Campbells The Barkly Durif is not a shy wine. Red and black currants, earthy, herbal, leather, savoury with hints of mature port. The palate on Campbells The Barkly Durif has a hint of oak; caramel, nutty, brine, toasty. The fruit is in the red, blue, and black spectrums. There is also spice, leather and a floral lift on the finish.
Campbells The Barkly Durif is a classy wine that is drinking well from now. There isn’t much improvement to be seen, but it will sit at its peak for many years to come.
Campbells The Barkly Durif Rutherglen 2007, and all wines are eligible for at least 5% off any six bottles. And 10% off any 12 bottles. Some wines will be at a more significant discount and not subject to further discounts.
Campbells started in 1870. The family is on to its 5th generation, and the business has gone from strength to strength. Campbells are known for making top quality fortified wines and table wines in Rutherglen. As well as being one of the leading wineries in Rutherglen, Campbells is part of the First Families of Wine.
Campbells The Barkly Durif Rutherglen 2007 Winery Notes
“The 2007 release of The Barkly Durif is a perfect example of what we strive to achieve with this iconic Rutherglen variety. An incredibly rich and powerful wine that is structured, balanced, and maintains a certain elegance. This wine is drinking well now, but we suggest the wine has a furthering cellaring potential of 1-2 years. Enjoy with slow cooked beef or lamb ragout.”
The home of beautiful fortified wines that are world-renowned. Also capable of making amazing full-bodied red wines. Notable amongst them is Durif, but some of the Iberian varieties are gaining favour here too.
Durif is sometimes called Petite Sirah and is a variety from France. Durif is scarcely seen except in California and Northern and Central Victoria. Durif shows lots of dark fruits, high intensity with a fairly weighty body, high alcohol, lovely length and silky mouthfeel. Just gorgeous drinking, especially after 15 years.
The invasion of “Sunshine in a bottle” put Australian wine on the map. The fruity, easy-going, somewhat samey wines were endearing for a short time. Then the next big thing knocked them off their perch.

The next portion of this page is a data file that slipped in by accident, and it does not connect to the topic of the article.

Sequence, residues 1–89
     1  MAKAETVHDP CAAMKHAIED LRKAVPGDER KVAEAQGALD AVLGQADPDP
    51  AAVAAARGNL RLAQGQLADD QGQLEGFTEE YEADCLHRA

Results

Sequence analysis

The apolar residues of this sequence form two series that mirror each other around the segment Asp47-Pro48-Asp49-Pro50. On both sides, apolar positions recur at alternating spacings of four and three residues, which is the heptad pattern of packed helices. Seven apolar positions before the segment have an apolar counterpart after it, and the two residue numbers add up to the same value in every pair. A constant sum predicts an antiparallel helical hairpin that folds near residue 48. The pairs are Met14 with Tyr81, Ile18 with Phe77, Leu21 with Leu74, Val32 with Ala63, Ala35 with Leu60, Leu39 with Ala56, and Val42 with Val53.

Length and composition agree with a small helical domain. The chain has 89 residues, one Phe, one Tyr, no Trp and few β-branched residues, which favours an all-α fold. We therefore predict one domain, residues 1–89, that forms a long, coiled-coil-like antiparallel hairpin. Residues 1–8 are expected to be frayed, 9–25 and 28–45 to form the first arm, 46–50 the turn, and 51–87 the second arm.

This forced producers to increase quality and emphasise the distinctive terroirs of Australia. Of which, there are many. And many more yet to be discovered.
Wine is the result you get from fermented grape juice. There is proof of wine production dating back 8000 years ago. Fashions, innovations and many other factors have influenced the way wine has evolved over the years.
The wine grape is impressive. It contains everything you need to make grape wine except for the yeast, which lives on the outside of the skins.
Human inputs can influence the final product, including the viticulture (growing) choices. And the winemaker can shape the wine to a point too.
The best wines of the world often refer to terroir. Terroir is a French term that refers to all the climatic, geological and topographical influences on a specific piece of land. And it is true that neighbouring vineyards, grown identically, can taste noticeably different.
Fun fact; most of the colour for wines comes from the skins. There are only a handful of grapes that have red juice. Alicante is the most well known of these grapes.
By macerating the juice on the skins, the wine gains tannin and flavour. Certain compounds change the chemistry of the wine too.
Red wines tend to have higher alcohol. More tannin and more oak flavours compared to other styles of wine. But the thousands of grapes and terroirs they grow in influence this.
The Wine Depository
I, Phil, have been running The Wine Depository since 2011. The Wine Depository exists to make sure you are drinking the good wines. You can browse and pick what is interesting to you. Or you can make contact with me. I’ll make sure you get what you want, to your palate, to your budget and to your door.